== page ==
If there’s one thing you can count on with Apple, it’s that the next Mac you buy probably has a different display connector than the one you have now. Apple has utilized an utterly ridiculous number of different kinds of ports for attaching displays. Let’s take a look.
These are the normal ones:
DVI— common digital video standard found on many Mac laptops and towers; adaptable to HDMI*, ADC, and VGA
HDMI — common digital video+audio standard, found on the new Mac Mini only; adaptable to DVI*
VGA — common analog video standard found on older PowerBooks and desktops; adaptable to DA-15
And these are the crazy Apple ones:
Mini DisplayPort — found on all current Mac products; adaptable to DVI, HDMI*, and VGA
Mini-DVI — found on many laptops, iMacs and Mac minis; adaptable to DVI, VGA, and S-Video/composite
Micro-DVI — on first generation MacBook Air only; adaptable to DVI, VGA, and S-Video/composite
ADC — DVI, USB, and power in one connector, found on some PowerPC Mac towers; adaptable to DVI* and VGA*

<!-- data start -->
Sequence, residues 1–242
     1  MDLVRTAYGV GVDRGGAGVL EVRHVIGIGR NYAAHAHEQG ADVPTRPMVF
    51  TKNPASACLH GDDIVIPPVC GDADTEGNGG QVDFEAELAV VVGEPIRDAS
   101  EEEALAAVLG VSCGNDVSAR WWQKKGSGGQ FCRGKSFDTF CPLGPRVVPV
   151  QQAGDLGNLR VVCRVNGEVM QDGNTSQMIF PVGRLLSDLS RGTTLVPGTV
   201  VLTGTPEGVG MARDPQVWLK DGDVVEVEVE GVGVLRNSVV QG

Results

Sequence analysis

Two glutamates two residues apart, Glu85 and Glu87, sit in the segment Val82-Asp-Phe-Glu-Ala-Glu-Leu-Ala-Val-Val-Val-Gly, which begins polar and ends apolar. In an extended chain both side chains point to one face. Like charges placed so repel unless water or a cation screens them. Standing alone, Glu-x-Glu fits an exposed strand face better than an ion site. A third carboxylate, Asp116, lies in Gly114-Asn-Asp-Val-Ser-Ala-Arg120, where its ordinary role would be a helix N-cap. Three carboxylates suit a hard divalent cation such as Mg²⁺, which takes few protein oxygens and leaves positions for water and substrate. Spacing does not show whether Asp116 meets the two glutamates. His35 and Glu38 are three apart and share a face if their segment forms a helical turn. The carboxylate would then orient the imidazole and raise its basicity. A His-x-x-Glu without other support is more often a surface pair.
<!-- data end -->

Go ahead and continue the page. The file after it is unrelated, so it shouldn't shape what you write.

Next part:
Mini-VGA — iBooks and first 12″ PowerBook G4; adaptable to VGA and S-Video/composite
HDI-45 — found on first-generation Power Macintoshes only; adaptable to DB-15
DA-15 — very old desktops; adaptable to VGA*
mini-15 — very old PowerBooks; adaptable to DA-15
* adapter is made by third-party, not Apple
Note that while the various styles of built-in DVI ports can be adapted to VGA, you can’t use the DVI port on an adapter for this.
And several machines also included S-Video or composite out as well as the higher resolution outputs above . Thanks to this Wikipedia article for filling in the holes in my memory.
That is an absurd number of connectors!